• Constipation
  • Loss of appetite
  • Loss of weight
  • Lethargy
  • Sleepiness
  • Memory loss

The baby may also experience physical and emotional symptoms that are similar to the mother’s symptoms. The baby may experience:

  • Irritability
  • Delayed development
  • Difficulty feeding
  • Changes in breathing
  • Irregular breathing
  • Difficulty breathing
  • Difficulty swallowing
  • Difficulty gaining weight
  • Lack of weight gain
  • Difficulty gaining muscle tone
  • Difficulty moving
  • Difficulty moving the arms or legs
  • Difficulty moving the head
  • Changes in reflexes
  • Delayed reflexes
  • Muscle weakness
  • Difficulty moving the legs
  • Joint pain
  • Numbness in the hands or feet
  • Seizures
  • Sensory loss
  • Speech delay
  • Learning disabilities
  • Delayed physical development
  • Developmental delays
  • Abnormal development of the brain
  • Abnormality of the spine
  • Abnormality of the ears

Is Stillbirth a Disability?

According to the Americans with Disabilities Act of 1990 (ADA), a disability is defined as a physical or mental impairment that substantially limits one or more major life activities.

The ADA does not specifically mention stillbirth.

Stillbirth is considered a form of disability by the ADA. An individual with a disability may be eligible for protection under the ADA.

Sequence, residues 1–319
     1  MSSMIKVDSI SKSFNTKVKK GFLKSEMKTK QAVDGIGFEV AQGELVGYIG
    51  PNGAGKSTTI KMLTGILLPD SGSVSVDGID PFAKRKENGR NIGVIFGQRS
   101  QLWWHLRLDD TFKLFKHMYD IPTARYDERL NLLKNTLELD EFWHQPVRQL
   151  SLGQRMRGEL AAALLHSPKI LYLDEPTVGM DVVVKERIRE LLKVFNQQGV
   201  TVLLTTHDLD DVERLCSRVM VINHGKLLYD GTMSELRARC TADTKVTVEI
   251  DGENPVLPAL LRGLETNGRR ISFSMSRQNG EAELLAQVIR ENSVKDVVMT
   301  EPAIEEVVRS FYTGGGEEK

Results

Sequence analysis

A disability can be defined as a physical or mental impairment that substantially limits a major life activity.

Major life activities include, but are not limited to:

  • Ambulation
  • Self-care
  • Self-direction
  • Communication
  • Learning
  • Work

Can Stillbirth Be Prevented?

There are some steps that can be taken to prevent stillbirth.

Prenatal care should be provided to all pregnant individuals. Prenatal care provides information to the mother and the health care team about the mother’s medical history, current health, and possible future health problems.

Prenatal care also provides information about the mother’s family history, her current medications, and her current lifestyle. Prenatal care also provides information about the unborn baby.

Prenatal care can help to reduce the risk of stillbirth and other complications during pregnancy.

Treatment for any existing medical conditions should be continued during pregnancy.

Women who smoke during pregnancy should stop. Smoking during pregnancy is a risk factor for stillbirth.

Treatment of any existing medical conditions during pregnancy can also help to reduce the risk of stillbirth.

Maternal age is a risk factor for still birth. The older a mother is, the more likely she is to have a stillbirth.

Mothers who are obese are at an increased risk of stillbirth. Obese women are more likely to have gestational diabetes. Women who are obese are also more likely to have preeclampsia.

The risk of stillbirth can also increase if a mother has a history of stillbirth.

Key takeaway

Stillbirth is a form of pregnancy loss. It can be a traumatic event for both the mother and the baby.

Even though stillbirth is not a medical emergency, it is a natural and normal process that occurs during pregnancy.